Now that you have managed to sort through your images, it’s time to start Post Process. This is where you can refine your images to what you envision. It has been around as long as photography itself. Getting rid of spots and blemishes, leveling the image, adjusting the exposure along with dodging and burning in details. Photographers still do it today; it is mostly done in software and not in the darkroom. With the explosion of digital photography, having a post-process routine is essential. Here are a few suggested practices as a base to a post-process routine.
Basic Post practices
- Know your Post Processing software! If you’re using Photoshop, Lightroom, Elements, or whatever. You should know how to use it properly. How to import and export images, to have a basic understanding of the tools, how to adjust the exposure, and the list goes on and on. I’ve said it before, YouTube is your know-it-all friend.
- Removing dust spots. You got a dirty sensor, and it shows. Clone out all those little distractions, they’re taking attention away from your subject.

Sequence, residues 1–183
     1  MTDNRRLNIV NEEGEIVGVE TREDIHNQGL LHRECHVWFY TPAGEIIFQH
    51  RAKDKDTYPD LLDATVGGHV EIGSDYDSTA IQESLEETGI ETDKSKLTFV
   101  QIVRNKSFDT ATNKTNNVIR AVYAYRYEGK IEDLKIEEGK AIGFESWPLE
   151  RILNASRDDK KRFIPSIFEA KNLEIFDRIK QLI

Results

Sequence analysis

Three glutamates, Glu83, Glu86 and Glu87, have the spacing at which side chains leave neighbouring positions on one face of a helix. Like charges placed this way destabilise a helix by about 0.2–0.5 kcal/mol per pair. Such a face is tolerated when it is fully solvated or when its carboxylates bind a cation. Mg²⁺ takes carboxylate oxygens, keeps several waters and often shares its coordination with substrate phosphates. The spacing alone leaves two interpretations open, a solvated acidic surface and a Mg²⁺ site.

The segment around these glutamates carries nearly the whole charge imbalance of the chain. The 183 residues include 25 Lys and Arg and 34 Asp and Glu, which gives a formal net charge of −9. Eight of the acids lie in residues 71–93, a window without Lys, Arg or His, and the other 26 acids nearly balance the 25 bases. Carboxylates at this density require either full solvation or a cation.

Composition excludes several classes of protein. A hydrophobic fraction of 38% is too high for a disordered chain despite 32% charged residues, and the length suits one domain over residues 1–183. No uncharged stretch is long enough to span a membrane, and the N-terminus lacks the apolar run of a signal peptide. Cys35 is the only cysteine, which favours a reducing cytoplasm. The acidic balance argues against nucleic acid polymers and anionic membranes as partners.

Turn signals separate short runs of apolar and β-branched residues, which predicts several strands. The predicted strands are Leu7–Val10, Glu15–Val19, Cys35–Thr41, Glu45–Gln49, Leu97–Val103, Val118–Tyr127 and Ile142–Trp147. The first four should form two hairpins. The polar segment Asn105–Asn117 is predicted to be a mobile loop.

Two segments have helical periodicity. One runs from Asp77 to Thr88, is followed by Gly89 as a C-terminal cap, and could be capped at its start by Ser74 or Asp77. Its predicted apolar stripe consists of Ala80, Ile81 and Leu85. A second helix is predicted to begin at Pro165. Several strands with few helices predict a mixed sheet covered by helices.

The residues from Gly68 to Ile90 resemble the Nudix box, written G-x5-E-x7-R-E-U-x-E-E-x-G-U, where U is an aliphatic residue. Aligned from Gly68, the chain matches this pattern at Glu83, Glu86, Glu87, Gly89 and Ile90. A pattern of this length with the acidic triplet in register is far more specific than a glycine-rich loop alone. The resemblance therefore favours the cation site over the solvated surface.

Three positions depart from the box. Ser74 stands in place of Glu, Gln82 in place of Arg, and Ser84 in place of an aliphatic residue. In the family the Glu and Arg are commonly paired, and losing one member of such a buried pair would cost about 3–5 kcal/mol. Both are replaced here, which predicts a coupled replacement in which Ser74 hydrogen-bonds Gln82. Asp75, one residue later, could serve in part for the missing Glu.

- Level your image. If you intended the horizon to be level and it’s not….it draws your viewers’ eyes away from what you are trying to show. With an unintentionally tilted horizon, it can give the illusion that everything in your photo is going to slide out of the frame.
- Adjusting exposure. I can’t stress how important it is to understand how your camera exposes objects in different lighting conditions. And you can adjust for it “in camera” and adjust in post.
- Resizing and sharpening. Whatever platform you’re sharing on, you should resize your images before posting them. After you have your resized images, you’ll want to do a tad bit of sharpening to them. You just want to sharpen up the details soften from resizing.
These are just a few basic examples of post-processing techniques. There are far more advanced and complicated methods.
Until next post,